Are Wii U ready?In an attempt to broaden an audience of a new fan base of paying gamers, it would seem logical to release a game on every system not only to benefit the gamers that don’t have the other systems, but also for the game developers themselves to gain more feedback to make even better games. So why on earth do the developers opt to the pick-and-choose option to releasing a game(s) on a select few systems rather than all of them, and shun a perfectly good fan base just because of fear that the potential buyers would be few and would rather buy the same game on HD supported systems? Yes, I’m talking about the third parties, and that system I was referring to is the Wii . 2011 was both a hit-and-miss for third party games on the system: on one hand we did get Rayman Origins out of nowhere, but on the other hand we could’ve gotten more for a system that’s on it’s last life. It’s times like these when the Wii’s hardware comes back to haunt it and the system not supporting HD graphics is a big turnoff for third party developers that want their games to look perfect. Wii’s first-party support this year is nothing to sneeze at though, and I have to hand it to Nintendo for handling yet another stellar year, and Skyward Swords delivered what it promised, but I just wish third parties did the same.
Here's a couple of examples of third-party ignorance: Capcom could have very well released Marvel vs. Capcom 3 on the Wii, but shunned it downed, and as if to point the middle finger at Nintendo gamers later released Ultimate Marvel vs. Capcom 3 and made Pheonix Wright of the prior DS exclusive Ace Attorney series one of the playable characters. And most recently SEGA announced that they would not be releasing Sonic 4: Episode 2 on WiiWare because of updated graphics from the first episode (and at this point you know that whenever a developer comes up and says, “This game will have improved graphics…” you know it won’t be coming to the Wii). SEGA also didn’t release Sonic Generations on the Wii last year, but oddly released it on the 3DS instead. It was later made clear by the “In 3-D!” logo on the Xbox360/PS3 versions of the game that SEGA didn’t release the game on the Wii because it didn’t support 3-D. You can easily say: “But they gave us exclusives Tatsunoko vs. Capcom and Sonic Colors a few years back so stop whining!” but again I question why they would shun a new fan base and release the game on all systems except the Wii when they could’ve made more profit off of it. And they choose not to do it when 2011 looked like it was the last year of the Wii? Come on now!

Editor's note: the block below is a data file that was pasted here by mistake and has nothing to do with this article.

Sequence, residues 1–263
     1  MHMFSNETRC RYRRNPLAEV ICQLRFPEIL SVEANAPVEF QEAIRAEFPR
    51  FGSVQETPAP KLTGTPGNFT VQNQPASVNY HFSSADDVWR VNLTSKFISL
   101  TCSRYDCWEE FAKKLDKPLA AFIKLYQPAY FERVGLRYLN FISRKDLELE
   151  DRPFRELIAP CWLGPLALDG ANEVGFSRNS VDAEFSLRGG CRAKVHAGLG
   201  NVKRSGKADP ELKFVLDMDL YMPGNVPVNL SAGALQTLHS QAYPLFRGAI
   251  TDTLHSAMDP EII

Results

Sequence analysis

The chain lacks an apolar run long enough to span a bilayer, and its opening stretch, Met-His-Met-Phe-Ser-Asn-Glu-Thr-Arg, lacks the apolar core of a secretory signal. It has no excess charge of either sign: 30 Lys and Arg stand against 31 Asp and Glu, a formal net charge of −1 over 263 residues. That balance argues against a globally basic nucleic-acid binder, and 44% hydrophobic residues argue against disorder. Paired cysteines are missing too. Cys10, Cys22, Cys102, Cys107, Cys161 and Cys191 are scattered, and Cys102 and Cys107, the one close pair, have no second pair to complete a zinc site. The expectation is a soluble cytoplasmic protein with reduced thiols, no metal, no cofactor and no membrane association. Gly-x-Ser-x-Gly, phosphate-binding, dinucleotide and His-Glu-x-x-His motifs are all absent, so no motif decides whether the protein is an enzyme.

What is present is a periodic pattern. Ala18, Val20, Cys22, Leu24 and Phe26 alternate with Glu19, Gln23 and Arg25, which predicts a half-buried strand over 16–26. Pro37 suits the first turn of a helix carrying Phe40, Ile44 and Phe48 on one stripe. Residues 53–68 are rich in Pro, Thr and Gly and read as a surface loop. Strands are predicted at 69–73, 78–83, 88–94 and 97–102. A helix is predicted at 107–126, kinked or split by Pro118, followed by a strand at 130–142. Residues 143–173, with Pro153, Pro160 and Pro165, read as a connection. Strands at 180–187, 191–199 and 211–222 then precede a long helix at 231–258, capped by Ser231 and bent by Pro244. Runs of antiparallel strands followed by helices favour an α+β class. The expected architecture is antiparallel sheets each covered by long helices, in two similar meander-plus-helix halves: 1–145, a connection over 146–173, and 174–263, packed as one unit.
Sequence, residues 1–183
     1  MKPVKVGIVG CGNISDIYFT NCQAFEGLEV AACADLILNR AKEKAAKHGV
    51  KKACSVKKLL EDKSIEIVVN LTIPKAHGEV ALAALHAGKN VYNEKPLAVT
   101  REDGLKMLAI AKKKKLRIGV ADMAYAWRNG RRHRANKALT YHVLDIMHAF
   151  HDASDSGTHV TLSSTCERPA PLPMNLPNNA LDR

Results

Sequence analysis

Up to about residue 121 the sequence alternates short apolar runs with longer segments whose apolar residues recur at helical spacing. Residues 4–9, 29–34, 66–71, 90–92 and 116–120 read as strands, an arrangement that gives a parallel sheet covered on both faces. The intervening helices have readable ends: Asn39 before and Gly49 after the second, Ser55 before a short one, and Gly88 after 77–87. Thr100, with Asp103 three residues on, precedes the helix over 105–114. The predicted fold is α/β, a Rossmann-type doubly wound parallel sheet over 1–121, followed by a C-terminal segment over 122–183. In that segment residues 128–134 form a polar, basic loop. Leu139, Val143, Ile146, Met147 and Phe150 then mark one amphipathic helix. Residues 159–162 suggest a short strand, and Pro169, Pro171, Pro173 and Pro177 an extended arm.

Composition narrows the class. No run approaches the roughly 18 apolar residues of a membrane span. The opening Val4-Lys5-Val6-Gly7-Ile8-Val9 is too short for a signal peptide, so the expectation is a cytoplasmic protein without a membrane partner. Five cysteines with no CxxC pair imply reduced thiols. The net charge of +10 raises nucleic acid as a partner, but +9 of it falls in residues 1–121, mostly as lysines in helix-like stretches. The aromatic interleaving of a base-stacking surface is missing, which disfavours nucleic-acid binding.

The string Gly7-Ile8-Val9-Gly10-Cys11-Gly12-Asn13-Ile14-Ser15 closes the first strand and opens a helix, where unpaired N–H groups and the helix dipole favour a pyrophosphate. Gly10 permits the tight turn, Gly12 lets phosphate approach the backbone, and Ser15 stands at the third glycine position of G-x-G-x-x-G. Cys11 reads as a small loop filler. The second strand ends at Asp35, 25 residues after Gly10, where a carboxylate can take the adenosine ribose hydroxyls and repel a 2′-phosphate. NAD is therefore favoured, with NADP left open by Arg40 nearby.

This is what I originally feared for the Wii U: third party developers would look at the system, think they would have to use a gimmicky controllers whether they want to or not, and just doom the system with cash-in shovel ware and give other systems actual games just like how they treated the Wii (I‘m staring at you SoulCalibur Adventure). We’ve already lost Capcom, and other companies like Ubi-Soft have just used the Wii as a dart board to randomly shoot shovel ware at the system until the whole Wii game aisle at Best Buy is infested with garbage games shadowing good games like weeds choking on flowers, because Wii remote wagglin’ is so compulsory and necessary it must be in every game they make NO MATTER WHAT! (meanwhile, the Virtual Console controller stares on blankly)
But I got news for you: the Wii Isn’t done just yet, shovel ware is on all systems and we must accept it, and Crapcom was always Crapcom (just sayin‘). In it’s life time, the Wii has accomplished creating a whole new fan base of people that never have played games, gave us exclusives that you can’t play anywhere else, and made us feel young again with Virtual Console, but I still feel only 60% of the system has been really tapped and explored. Nonetheless, the Wii will not die in infamy and just be considered a “fad toy”. No, it’s legacy will live on forever - in a new form called the Wii U. Here’s to hoping that third parties will give the Wii U a chance; make us proud to be Nintendo gamers.